ENGLISH POETRY 1579-1830: SPENSER AND THE TRADITION
Rev. Charles Fitzgeffrey
D. W., "To the Author" in Fitzgeffrey, Sir Francis Drake (1596) sig. A4.
Rev. Charles Fitzgeffrey:
1596: R. R.
1596: Francis Rous the Elder
1596: D. W.
1598: Rev. Francis Meres
1611 ca.: John Davies of Hereford
1624: William Kidley
1628: Robert Hayman
1634: Henry Beesley
1638: Robert Chamberlain
1808: Thomas Park
1820: John Payne Collier
1847: Edward Farr
1596: Rev. Charles Fitzgeffrey
Englands Ulysses, slaine by mortall fates,
His bodie Tethys caught within her armes,
Jove plac'd his soule amid the heavenlie states,
Setting him free from fortune-tossing harmes,
From Scylla's gulfes, and Circes deadlie charmes:
And both did chuse a place to keepe his pray,
Tethys her lap, but Jove the Milke-white Waye.
Yet shall his fame, his worth, his worthy deeds,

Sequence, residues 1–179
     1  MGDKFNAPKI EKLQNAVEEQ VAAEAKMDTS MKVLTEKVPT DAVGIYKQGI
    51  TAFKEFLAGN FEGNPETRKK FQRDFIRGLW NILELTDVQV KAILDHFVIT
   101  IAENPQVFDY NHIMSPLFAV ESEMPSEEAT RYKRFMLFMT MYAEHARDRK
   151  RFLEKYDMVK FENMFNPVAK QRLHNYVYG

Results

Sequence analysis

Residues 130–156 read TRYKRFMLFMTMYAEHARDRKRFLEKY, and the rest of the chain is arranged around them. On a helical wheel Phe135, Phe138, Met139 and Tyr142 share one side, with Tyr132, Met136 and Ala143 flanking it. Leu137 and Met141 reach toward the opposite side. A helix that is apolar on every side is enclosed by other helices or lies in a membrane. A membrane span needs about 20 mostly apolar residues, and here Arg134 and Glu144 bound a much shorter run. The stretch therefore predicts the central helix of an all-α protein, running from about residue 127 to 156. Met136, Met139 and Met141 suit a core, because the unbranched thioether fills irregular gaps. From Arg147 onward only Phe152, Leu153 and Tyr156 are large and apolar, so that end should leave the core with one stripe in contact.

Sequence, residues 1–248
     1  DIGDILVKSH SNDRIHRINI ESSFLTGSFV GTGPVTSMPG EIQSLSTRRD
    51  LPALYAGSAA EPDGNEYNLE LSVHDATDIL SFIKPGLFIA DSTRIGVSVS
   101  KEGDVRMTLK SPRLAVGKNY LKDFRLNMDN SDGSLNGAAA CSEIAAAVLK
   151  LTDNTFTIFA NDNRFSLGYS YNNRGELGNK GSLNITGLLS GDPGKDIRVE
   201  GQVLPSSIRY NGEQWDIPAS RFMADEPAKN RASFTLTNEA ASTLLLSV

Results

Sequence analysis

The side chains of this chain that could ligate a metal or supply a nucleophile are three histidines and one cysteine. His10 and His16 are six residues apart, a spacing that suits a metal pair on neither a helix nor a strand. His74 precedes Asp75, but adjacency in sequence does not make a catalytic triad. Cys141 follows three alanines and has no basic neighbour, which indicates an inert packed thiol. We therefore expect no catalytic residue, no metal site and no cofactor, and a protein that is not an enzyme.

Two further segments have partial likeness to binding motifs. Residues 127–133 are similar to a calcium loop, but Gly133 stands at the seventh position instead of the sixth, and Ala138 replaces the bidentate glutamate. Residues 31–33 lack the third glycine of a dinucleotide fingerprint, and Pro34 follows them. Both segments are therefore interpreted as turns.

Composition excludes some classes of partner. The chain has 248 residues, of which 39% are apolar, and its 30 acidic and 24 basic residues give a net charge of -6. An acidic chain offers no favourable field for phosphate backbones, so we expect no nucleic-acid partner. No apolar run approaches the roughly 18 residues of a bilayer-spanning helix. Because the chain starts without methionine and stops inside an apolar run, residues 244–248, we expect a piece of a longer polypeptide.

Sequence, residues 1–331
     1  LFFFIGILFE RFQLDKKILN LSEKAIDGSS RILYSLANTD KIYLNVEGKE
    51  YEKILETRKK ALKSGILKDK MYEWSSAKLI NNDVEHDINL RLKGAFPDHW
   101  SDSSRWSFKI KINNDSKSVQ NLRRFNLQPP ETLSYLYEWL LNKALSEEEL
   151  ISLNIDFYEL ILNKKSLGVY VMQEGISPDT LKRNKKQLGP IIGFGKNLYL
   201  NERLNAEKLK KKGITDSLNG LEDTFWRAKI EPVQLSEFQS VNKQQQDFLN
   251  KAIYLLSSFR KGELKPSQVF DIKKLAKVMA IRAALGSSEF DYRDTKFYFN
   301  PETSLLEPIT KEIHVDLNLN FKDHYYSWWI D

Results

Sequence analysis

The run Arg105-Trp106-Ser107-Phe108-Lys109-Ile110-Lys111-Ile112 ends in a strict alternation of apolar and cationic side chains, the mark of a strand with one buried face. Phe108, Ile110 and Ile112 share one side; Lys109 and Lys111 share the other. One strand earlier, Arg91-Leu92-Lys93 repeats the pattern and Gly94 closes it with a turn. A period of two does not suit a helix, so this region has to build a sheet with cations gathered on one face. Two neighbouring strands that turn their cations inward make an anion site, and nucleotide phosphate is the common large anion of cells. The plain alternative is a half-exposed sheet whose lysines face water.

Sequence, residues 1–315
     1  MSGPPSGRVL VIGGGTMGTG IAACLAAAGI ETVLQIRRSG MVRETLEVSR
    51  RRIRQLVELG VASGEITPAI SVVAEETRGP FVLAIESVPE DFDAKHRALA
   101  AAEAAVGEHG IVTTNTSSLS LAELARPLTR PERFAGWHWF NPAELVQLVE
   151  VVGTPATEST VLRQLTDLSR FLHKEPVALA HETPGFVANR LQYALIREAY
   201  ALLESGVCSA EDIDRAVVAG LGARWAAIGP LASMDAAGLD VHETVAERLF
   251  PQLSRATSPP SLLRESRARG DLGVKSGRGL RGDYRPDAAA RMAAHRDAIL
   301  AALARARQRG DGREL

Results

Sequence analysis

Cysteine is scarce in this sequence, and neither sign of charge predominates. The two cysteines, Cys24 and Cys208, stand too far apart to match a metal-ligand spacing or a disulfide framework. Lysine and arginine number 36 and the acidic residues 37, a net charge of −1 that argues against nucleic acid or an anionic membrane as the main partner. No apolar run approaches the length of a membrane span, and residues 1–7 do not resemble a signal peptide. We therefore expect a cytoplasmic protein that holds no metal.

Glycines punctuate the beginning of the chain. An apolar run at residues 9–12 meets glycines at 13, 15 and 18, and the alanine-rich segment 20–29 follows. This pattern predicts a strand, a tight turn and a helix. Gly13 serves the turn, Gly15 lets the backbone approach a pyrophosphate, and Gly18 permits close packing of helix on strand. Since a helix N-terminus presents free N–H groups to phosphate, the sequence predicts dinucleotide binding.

Eterniz'd by thy verse, amonge us dwell,
And whatsoe'er after-age succeedes,
Unto posteritie the same shall tell,
And make thy prayses with his owne excell:
Time that doth all things else in time devoure,
Shall never have thy name within her power.
Old GEFFREY CHAUCER, Englands auncient Muse,
And mirrour of the times that did ensue,
Yeelded to death, that nere admits excuse;
But now in thee he seemes to live anew,
(If grave Pythagoras sage sawes be true:)
The sith old GEFFREY'S spirit lives in thee,
Rightlie thou named art FITZ-GEFFERY.